2. The RIGHT vertical y-axis = Rt reproductive rate – the average number of people who become infected by an infectious person. If Rt is < 1.0, virus will stop spreading.
  3. The horizontal x-axis = cumulative Covid-19 reported infections (in thousands, measured daily).

FOR THE BLUE Mobility curve:

  1. Flatter slopes < 45-degrees are less desirable outcomes and indicative of slow mobility recovery and/or increasing infection rates (infections rise faster than mobility)
  2. Steeper slopes > 45-degree angles are better outcomes characterized by rapid mobility recovery and/or decreasing infection rates (mobility rising faster than infections)


  1. Flatter slopes less than 1 are more desirable outcomes and indicative of lower growth in disease infectiousness (less likely 2nd wave of infections)
  2. Steeper slopes more than 1 are worse outcomes indicative of higher growth in disease infectiousness (more likely 2nd wave of infections)
  3. Rt Slopes < Mobility slopes are highly desirable, meaning mobility is increasing faster than infectiousness.


  1. Slopes for mobility & Rt curves are represented as angles in degrees, with horizontal being 0-degrees and vertical being 90-degrees. Angles below horizontal are negative
  2. Angles are calculated as the slopes of the trajectories of the curves as defined by the last 14 days data points.


US states seem to be either doing really well or really bad. There are very few in-between.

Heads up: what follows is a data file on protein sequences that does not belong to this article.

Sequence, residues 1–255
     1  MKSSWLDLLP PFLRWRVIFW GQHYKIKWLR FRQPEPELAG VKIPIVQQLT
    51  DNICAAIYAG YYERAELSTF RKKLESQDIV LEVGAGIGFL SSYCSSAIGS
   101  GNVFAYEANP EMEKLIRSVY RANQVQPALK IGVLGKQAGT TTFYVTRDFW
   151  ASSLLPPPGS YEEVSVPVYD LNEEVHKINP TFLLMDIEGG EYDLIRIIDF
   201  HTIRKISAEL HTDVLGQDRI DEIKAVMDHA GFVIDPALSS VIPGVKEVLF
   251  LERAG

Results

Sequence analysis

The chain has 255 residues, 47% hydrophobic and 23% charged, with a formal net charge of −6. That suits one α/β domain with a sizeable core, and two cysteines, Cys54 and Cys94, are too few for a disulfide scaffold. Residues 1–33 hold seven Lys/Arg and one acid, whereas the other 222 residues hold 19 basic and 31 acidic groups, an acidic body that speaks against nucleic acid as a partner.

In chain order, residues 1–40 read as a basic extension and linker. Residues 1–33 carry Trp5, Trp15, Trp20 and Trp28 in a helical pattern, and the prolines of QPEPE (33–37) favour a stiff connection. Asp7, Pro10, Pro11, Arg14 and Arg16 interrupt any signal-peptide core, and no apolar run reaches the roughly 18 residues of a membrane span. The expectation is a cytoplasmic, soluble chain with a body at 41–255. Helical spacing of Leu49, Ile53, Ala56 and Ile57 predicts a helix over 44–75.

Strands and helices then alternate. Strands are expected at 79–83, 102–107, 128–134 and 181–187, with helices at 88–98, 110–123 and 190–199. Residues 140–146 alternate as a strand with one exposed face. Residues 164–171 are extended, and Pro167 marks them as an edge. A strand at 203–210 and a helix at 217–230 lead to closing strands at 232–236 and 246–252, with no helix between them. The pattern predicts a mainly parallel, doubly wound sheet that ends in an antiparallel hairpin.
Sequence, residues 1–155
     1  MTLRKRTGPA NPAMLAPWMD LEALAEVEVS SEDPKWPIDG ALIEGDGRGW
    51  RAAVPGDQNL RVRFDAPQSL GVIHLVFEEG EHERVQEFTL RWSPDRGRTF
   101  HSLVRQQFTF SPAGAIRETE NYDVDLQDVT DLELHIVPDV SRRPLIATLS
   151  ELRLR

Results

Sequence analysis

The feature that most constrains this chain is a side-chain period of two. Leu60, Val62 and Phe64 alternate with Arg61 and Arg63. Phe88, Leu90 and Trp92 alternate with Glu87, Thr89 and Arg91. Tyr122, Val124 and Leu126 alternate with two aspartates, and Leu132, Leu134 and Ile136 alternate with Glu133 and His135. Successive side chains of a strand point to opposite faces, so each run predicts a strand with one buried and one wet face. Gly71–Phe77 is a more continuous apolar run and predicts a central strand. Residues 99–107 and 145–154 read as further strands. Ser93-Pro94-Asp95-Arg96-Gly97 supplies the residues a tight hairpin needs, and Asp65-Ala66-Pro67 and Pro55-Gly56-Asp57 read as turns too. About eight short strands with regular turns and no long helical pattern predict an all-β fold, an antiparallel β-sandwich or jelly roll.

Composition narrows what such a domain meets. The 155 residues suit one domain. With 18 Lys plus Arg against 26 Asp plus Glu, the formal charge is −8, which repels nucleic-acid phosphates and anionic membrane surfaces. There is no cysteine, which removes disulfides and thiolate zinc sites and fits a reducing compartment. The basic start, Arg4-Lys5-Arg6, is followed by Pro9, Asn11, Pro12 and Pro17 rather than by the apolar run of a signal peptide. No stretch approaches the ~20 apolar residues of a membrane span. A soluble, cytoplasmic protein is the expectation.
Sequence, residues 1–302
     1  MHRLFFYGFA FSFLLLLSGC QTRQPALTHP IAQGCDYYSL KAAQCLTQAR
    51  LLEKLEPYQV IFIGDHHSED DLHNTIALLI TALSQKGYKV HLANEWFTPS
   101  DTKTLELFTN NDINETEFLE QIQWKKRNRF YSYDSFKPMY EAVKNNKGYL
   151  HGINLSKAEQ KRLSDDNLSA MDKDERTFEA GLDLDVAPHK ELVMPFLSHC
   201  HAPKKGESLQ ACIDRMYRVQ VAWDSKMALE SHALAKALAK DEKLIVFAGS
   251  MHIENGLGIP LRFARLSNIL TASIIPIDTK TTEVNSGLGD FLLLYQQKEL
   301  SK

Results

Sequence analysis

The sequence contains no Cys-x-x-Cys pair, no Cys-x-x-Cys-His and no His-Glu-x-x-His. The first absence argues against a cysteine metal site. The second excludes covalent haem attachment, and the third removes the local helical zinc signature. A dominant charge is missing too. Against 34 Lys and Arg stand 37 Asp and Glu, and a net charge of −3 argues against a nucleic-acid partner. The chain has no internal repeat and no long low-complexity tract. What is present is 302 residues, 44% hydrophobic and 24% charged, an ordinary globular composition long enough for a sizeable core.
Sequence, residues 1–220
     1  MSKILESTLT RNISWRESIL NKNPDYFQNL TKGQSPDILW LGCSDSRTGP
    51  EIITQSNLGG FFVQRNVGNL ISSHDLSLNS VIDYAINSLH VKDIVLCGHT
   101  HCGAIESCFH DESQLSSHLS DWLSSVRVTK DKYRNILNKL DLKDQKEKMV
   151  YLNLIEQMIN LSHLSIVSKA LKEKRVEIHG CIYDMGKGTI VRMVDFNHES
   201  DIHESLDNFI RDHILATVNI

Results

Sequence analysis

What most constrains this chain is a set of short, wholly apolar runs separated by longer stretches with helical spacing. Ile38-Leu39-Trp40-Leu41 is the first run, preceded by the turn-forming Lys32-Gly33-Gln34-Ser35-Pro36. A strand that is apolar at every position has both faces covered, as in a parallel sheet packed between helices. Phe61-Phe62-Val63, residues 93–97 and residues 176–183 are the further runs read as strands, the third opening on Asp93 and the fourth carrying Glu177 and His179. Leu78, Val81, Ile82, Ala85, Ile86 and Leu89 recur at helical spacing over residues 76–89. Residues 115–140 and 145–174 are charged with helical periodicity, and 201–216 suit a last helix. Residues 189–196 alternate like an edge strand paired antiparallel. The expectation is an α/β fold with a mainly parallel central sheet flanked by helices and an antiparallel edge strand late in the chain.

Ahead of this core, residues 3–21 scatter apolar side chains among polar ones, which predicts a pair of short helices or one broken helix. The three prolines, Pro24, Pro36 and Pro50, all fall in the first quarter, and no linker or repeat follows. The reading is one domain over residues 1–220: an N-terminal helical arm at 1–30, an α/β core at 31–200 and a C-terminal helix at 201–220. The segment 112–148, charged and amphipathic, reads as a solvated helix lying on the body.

New York, New Jersey, Illinois, Massachusetts & Pennsylvania are all performing exceptionally well with:

  1. mobility outpacing infections,
  2. mobility outpacing Rt and
  3. Rt less than 1

Michigan is performing reasonably well with mobility outpacing infections, mobility outpacing Rt but Rt greater than 1. This could fall back into a 2nd wave of infections.

Maryland & Virginia are  performing “OK”, with Rt less than 1 but infection growth still outpacing economic mobility improvements.

All the other 4 states are performing  badly with daily infections outpacing mobility improvements, mobility improvements marginal and Rt > 1.

Overall US Covid19 Scorecard

Apart from a few large states mentioned above, the US National Covid19 performance peaked a week ago and appears on the decline as it enters a 2nd-wave status. We track 10 metrics daily to score the US National Covid19 situation, with the latest status below:

Our highest 7-day average of daily score of 8.1 was achieved on 28 May 2020 and has been on a steady decline since as various metrics deteriorated.

Second Wave

The US now joins the “second-wave” club – countries where daily infections peaked, but then started growing again as lockdowns were lifted:

Regardless if you consider this wave still being the first wave or part of a second wave, the result is the same – US stock markets will struggle to continue posting higher highs and volatility will increase until one of two things happen:

  1. Daily infections peak again nationally or at least in the big 12 states we monitor
  2. FED responds to increased infections with more stimulus

About RecessionALERT

Dwaine has a Bachelor of Science (BSc Hons) university degree majoring in computer science, math & statistics and is a full-time trader and investor. His passion for numbers and keen research & analytic ability has helped grow RecessionALERT into a company used by hundreds of hedge funds, brokerage firms and financial advisers around the world.

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The Weekly SuperIndex Report & weekly data file will be skipped this week and the next publication will be  Monday  04 Sept 2023